Despite acing the written portion of China’s grueling road test, a Changsha native mixed up the brake and accelerator, sending her training vehicle crashing straight through a wall seconds into her driving test.
Neither she nor the examiner were hurt in the crash. Furthermore, the school did not even demand compensation for the giant hole that the accident created. However, it did mean that she failed the exam.
The driving school simply put the disaster down as “a lack of experience,” offering the young woman a chance to retake the test later this year.
China’s road test consists of a written and practical portion. The written portion of the exam is full of tricky questions, made up of 100 out of a possible 1,000 questions that students try to memorize beforehand. A score of 90/100 on the written portion is passing.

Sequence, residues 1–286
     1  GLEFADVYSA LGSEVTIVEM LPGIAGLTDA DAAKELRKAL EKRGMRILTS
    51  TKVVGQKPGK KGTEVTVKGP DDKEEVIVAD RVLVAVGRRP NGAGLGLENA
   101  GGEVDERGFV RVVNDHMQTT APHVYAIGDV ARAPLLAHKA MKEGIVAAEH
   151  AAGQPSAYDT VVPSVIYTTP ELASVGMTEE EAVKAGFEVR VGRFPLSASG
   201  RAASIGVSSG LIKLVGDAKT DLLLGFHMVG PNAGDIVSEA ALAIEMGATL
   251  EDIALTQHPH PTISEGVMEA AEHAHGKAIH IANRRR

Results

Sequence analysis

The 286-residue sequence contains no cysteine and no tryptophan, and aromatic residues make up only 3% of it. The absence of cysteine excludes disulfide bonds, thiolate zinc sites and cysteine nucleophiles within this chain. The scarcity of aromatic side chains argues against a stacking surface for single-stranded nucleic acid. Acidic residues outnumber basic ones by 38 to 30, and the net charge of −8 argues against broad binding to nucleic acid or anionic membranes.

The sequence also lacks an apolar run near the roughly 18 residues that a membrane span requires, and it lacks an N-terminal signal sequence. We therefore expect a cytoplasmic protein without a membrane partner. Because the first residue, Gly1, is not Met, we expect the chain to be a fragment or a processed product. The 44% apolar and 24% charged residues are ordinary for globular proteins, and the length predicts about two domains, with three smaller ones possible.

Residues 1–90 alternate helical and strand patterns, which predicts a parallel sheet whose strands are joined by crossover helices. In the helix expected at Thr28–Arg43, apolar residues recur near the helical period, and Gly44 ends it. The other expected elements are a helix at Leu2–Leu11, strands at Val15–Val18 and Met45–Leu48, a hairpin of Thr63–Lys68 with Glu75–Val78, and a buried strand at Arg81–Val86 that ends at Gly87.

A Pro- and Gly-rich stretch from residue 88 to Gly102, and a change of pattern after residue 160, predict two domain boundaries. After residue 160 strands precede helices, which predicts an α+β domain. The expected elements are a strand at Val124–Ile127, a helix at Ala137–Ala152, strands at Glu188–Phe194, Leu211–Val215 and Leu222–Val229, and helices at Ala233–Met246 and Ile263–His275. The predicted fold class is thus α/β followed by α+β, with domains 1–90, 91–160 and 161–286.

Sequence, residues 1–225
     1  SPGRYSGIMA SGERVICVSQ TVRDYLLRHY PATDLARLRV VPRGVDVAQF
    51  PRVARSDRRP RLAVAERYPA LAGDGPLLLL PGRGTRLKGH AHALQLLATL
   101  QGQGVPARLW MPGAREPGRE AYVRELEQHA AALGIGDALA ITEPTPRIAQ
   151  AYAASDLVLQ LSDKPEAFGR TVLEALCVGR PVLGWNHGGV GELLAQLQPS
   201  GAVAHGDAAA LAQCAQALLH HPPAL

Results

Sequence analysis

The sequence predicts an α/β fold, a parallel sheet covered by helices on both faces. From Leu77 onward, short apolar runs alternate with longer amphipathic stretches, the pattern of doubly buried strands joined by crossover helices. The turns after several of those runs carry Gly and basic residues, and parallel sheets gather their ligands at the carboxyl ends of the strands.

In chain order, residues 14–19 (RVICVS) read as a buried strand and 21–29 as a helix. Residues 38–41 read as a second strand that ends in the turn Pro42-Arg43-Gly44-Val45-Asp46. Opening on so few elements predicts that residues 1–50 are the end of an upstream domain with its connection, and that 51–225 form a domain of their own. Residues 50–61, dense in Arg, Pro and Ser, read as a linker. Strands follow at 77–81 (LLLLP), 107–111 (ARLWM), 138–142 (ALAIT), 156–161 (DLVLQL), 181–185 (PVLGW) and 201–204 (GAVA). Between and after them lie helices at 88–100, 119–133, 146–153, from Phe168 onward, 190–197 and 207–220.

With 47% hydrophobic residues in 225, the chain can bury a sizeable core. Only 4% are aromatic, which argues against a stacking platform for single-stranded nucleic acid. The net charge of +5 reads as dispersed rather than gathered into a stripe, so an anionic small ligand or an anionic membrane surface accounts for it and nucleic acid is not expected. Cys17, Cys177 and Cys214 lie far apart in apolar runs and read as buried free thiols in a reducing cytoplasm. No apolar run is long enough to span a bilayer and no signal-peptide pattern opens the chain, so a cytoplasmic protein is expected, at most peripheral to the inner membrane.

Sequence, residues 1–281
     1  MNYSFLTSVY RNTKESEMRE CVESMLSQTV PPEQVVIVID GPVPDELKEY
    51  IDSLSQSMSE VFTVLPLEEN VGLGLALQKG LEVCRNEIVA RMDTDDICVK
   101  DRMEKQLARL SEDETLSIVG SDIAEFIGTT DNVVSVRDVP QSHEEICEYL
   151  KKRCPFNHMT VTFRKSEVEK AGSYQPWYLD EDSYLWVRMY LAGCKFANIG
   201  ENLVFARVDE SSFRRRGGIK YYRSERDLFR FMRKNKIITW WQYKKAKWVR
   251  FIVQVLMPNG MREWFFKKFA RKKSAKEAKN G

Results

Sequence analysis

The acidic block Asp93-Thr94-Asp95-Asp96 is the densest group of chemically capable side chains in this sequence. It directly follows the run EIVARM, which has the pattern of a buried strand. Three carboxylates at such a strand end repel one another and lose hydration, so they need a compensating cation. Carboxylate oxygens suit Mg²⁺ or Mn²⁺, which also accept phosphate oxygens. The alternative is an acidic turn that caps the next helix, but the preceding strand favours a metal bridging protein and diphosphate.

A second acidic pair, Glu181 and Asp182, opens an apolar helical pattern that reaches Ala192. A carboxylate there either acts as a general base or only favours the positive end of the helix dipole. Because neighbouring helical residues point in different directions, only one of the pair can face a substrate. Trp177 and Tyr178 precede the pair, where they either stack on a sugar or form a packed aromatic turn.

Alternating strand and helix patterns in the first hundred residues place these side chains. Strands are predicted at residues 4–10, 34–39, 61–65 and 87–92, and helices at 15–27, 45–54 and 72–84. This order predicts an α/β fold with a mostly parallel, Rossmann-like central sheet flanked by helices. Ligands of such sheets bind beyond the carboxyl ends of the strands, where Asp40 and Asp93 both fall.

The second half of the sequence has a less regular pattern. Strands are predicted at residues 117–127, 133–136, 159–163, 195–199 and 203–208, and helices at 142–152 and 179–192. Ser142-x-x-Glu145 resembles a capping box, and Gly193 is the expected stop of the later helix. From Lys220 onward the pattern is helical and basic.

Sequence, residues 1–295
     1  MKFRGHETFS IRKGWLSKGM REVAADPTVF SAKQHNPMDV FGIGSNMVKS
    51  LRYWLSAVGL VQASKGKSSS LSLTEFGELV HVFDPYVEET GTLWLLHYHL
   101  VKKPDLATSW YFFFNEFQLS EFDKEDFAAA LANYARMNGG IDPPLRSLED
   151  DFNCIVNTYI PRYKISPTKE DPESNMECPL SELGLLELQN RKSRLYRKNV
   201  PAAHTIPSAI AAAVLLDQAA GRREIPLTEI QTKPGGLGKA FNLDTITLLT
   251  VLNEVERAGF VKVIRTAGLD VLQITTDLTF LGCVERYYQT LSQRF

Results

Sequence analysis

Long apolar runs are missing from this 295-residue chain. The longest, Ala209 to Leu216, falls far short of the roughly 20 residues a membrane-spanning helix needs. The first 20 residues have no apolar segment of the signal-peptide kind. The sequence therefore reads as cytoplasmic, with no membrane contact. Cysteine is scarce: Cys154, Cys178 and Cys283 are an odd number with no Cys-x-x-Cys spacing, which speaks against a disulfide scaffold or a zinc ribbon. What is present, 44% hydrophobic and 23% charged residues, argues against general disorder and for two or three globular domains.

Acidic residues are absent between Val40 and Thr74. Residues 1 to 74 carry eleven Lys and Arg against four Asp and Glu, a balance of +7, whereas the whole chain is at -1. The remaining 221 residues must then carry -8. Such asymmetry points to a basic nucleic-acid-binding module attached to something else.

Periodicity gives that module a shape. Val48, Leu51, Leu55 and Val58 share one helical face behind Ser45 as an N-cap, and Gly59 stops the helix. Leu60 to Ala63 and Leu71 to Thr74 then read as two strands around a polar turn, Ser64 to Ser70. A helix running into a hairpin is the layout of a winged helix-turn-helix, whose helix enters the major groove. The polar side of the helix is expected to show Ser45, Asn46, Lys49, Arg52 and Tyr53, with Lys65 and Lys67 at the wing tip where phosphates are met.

A sample question for those of you playing at home (Yes or no?):
“If a motorized vehicle driver has caused a major traffic accident in violation of the traffic regulations which has caused human death due to his escaping, the driver is subject to a prison term of 3 years to 7 years.”
The answer is “no.” If you got it wrong, start studying here.
Wei Qi, a Chinese producer who also aced the written portion of the test on her first try remembered, “I kind of forgot everything. If you asked a question now about a traffic rule, I still couldn’t quite answer you.”
While China’s driving test is surely a good test of memory and hard work, much like the infamous Gaokao, China’s college admissions test, acing it does not necessarily indicate that you have all the basics down. Book smarts alone don’t cut it out on the streets.
By Eugenia Xiao
[Images via NetEase]